HomeInsightsHigh Court finds that contributor to defamatory publications could rely on public interest defence.


+44 (0)20 7612 9612

The defendant, David de Freitas, was the father of Eleanor de Freitas, who had committed suicide shortly before the start of a trial in which she was being prosecuted for perverting the course of justice by having falsely accused the claimant in this case, Alexander Economou, of rape.  Ms de Freitas, who had suffered from bipolar affective disorder, had denied the charge.

When the Coroner in the inquest into Ms de Freitas’s death had initially refused to consider the role of the Crown Prosecution Service in his daughter’s death, the defendant, Mr de Freitas, had gone to the press.  Various articles and broadcasts were subsequently published that were defamatory of Mr Economou.

Mr de Freitas argued that he was entitled to rely on the statutory defence for publication on a matter of public interest under s 4 of the defamation Act 2013.  The publications were found to concern a matter of public interest.  The question was whether Mr de Freitas had reasonably believed that to be the case.

Mr Economou argued that the reasonable belief requirement had not been met because Mr de Freitas had ignored everything that tended to contradict his view, had not thought about how what he said might harm Mr Economou’s reputation, and did not care.  Mr Economou also argued that the media’s strategy had been inherently improper and that the purpose of Mr de Freitas going public was to put pressure on the Coroner to make a decision in favour of Mr de Freitas for fear of public criticism if he did not.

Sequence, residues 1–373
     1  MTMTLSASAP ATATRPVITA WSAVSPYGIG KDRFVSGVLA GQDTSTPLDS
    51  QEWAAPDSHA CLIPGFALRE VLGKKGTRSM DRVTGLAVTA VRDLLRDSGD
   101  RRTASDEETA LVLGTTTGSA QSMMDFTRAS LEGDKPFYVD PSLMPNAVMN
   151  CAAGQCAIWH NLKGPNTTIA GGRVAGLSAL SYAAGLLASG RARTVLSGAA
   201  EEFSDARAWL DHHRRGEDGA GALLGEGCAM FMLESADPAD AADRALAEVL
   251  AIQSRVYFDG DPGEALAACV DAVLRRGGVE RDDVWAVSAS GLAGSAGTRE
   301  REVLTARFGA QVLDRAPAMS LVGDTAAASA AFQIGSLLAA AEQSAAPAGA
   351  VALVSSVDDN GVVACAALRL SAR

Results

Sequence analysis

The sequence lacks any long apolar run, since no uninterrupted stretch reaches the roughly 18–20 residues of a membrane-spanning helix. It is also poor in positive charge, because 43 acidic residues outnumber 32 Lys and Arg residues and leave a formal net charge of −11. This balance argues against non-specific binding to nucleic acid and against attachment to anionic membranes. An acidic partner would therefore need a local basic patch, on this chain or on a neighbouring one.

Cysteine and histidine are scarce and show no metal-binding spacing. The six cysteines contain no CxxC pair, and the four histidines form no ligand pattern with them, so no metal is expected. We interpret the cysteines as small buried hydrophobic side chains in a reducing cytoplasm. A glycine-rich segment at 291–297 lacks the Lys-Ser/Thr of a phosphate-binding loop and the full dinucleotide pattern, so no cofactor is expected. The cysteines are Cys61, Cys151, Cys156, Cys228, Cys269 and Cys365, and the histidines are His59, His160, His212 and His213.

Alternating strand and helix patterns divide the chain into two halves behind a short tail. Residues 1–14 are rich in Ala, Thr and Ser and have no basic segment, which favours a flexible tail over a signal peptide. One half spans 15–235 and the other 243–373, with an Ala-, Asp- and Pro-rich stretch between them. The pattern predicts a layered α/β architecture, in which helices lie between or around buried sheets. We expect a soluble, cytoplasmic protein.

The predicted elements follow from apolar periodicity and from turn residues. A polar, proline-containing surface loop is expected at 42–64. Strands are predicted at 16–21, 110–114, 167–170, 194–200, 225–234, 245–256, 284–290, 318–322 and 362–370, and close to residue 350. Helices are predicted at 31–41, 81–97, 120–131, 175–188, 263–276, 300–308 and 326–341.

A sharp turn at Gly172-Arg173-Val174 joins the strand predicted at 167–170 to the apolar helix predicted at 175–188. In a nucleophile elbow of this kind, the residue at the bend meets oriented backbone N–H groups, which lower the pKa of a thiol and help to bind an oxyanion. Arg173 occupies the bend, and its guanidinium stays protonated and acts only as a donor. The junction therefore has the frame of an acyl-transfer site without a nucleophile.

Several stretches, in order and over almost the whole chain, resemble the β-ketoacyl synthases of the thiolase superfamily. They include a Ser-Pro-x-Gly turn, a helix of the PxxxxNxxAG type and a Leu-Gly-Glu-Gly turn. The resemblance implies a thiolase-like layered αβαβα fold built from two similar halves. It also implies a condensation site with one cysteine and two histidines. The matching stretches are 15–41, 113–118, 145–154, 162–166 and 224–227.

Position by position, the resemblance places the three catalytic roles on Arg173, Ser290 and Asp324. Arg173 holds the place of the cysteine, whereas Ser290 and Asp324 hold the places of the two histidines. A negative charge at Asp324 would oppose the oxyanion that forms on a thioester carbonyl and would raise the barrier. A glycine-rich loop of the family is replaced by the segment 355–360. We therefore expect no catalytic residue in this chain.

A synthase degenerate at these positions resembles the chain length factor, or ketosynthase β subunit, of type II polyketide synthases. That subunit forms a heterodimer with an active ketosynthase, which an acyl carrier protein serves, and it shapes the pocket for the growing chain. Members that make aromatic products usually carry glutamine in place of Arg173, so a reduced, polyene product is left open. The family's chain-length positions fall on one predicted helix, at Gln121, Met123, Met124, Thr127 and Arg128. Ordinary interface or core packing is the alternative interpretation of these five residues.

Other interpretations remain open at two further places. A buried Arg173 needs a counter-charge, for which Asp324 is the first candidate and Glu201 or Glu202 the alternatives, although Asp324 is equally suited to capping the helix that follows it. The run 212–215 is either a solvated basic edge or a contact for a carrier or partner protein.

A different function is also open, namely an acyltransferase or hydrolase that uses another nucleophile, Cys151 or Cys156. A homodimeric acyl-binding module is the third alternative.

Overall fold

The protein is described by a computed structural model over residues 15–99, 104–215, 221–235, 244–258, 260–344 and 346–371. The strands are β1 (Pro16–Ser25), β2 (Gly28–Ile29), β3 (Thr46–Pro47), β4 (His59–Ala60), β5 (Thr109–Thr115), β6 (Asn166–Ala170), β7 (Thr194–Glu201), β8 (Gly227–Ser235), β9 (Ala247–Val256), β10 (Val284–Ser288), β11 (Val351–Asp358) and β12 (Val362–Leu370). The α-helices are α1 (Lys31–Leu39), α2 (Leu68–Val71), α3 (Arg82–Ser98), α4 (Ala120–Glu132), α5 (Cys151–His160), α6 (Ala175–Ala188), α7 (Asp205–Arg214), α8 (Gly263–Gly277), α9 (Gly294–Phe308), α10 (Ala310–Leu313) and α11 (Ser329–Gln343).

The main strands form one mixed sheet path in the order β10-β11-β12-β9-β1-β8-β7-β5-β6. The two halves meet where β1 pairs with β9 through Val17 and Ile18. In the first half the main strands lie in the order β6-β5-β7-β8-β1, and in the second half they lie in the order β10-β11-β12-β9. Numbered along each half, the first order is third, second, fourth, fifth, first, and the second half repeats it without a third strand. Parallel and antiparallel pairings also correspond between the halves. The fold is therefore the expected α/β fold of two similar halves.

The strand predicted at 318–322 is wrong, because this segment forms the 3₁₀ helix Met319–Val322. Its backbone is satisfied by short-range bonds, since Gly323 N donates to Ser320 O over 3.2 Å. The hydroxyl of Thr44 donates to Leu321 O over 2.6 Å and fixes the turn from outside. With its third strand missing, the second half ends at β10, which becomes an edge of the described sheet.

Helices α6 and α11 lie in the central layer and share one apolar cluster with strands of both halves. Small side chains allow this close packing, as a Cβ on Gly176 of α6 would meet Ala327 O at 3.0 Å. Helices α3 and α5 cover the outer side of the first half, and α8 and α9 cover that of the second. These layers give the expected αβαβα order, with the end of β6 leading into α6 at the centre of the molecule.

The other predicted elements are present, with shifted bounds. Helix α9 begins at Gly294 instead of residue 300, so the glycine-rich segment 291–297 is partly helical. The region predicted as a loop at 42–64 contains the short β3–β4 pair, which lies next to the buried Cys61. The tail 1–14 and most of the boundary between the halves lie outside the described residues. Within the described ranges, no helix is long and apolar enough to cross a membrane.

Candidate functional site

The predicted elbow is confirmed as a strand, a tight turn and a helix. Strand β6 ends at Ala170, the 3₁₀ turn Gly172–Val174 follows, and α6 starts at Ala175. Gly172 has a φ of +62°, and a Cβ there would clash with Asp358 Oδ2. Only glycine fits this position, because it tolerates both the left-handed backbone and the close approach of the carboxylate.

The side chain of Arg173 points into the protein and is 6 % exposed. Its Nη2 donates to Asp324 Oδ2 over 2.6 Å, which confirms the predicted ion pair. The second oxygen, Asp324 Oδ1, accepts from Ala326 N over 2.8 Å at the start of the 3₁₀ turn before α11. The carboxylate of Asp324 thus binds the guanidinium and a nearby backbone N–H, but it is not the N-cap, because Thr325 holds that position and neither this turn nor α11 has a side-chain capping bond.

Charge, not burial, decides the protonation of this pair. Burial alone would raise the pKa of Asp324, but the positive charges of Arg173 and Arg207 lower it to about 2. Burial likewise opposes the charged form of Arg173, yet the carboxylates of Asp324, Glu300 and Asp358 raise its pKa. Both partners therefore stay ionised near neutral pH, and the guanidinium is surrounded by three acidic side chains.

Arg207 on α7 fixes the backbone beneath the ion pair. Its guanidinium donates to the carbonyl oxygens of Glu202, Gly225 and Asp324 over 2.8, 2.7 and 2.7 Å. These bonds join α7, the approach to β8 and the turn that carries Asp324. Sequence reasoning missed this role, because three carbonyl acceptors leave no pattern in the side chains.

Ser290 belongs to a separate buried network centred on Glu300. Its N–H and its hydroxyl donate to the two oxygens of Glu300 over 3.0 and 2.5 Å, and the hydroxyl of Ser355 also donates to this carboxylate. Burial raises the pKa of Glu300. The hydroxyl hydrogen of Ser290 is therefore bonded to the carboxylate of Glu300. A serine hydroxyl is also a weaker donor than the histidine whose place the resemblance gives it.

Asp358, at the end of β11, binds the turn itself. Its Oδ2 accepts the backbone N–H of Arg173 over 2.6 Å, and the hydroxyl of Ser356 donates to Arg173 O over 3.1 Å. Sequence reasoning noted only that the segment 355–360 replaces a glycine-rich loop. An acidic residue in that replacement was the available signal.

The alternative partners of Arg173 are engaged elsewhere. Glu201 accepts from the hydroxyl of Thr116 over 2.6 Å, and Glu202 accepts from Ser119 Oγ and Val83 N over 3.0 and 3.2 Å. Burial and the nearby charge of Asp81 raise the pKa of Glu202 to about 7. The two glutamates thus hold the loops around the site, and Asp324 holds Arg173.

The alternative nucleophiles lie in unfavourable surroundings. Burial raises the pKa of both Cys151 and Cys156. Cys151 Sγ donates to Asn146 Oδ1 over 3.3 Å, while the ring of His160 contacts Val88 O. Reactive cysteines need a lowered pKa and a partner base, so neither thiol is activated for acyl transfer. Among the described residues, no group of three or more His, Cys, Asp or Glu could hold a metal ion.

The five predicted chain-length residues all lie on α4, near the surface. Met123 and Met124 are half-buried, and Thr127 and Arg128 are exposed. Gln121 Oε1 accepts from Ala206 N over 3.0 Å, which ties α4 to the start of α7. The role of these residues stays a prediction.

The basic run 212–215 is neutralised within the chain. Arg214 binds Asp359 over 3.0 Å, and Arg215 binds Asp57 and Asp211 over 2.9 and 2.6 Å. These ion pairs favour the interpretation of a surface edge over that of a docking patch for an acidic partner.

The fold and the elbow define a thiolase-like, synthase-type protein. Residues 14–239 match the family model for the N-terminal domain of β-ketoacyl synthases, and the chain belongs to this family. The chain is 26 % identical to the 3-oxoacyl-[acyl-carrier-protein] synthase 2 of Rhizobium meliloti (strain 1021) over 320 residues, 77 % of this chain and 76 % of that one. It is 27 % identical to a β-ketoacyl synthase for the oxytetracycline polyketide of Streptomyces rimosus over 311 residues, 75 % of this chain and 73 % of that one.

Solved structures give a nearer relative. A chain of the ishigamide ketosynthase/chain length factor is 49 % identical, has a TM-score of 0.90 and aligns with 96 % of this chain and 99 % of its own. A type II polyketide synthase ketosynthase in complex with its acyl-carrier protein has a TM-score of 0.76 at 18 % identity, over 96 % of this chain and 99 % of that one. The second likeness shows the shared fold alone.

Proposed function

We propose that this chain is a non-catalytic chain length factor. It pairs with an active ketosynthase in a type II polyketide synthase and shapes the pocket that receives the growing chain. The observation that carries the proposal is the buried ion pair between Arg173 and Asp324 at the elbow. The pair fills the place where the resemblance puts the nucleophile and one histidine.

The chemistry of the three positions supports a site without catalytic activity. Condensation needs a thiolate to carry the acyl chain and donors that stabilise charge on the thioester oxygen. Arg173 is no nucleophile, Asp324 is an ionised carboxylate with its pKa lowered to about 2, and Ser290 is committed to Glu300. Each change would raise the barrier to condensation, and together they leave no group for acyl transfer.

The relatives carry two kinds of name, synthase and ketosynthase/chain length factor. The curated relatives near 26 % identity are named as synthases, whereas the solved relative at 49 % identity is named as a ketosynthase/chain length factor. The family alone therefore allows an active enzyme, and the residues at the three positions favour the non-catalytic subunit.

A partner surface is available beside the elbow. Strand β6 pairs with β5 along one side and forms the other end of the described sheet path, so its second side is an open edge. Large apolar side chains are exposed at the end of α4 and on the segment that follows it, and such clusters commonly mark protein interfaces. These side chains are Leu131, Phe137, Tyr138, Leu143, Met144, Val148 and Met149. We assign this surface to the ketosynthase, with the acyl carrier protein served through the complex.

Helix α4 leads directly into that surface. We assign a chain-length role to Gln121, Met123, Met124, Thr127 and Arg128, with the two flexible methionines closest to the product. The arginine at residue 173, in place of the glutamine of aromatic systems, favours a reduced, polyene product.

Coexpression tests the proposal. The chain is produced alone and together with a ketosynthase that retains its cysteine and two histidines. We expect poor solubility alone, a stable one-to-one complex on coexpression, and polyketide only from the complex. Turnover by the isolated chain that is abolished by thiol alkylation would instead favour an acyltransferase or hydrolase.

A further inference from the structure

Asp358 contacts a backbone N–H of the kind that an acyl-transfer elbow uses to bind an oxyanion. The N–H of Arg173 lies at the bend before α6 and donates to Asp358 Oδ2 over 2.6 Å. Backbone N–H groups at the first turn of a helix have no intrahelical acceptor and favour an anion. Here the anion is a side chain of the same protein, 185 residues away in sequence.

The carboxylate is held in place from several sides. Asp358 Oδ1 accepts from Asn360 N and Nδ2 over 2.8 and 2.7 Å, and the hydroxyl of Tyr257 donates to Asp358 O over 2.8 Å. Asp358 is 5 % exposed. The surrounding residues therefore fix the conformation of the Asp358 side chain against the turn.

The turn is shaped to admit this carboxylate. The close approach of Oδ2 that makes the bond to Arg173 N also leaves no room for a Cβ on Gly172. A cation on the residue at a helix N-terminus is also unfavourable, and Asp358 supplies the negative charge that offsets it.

Mr de Freitas accepted in his evidence that in contributing to, causing, authorising, and making the offending publications he did not focus on the impact these might have on Mr Economou’s reputation.  Further, the court found that what he had had in mind was to show the Coroner that the issues he wished to have investigated, and which he (rightly) believed to be matters of public interest were recognised as such by others. This was not improper, or illogical, the court said.

The facts were that the CPS had decided it was happy to use a video-recorded interview Ms de Freitas had given, meaning that she would not have needed to attend court to give evidence.  However, Ms de Freitas had not known that at the time she took her own life.  In the court’s view, Mr de Freitas had reasonably believed at the time he had gone to press that had the CPS disclosed its intentions in a more timely way, Ms de Freitas might not have taken her own life.

The court found that a judgment in favour of Mr Economou would represent an interference with Mr de Freitas’ free speech rights out of any reasonable proportion to the need to protect and vindicate Mr Economou’s reputation.

As for Reynolds privilege, Mr de Freitas was not a journalist, the court said.  His role was closer to that of a source or contributor than that of a journalist.  It was wrong in principle, the court said, to require an individual who contributes material for inclusion or use in an article or broadcast in the media to undertake all the enquiries that would be expected of a journalist.  Mr de Freitas could, therefore, rely on the public interest defence.  (Alexander Economou v David de Freitas [2016] EWHC 1853 (QB) (27 July 2016) — to read the judgment in full, click here).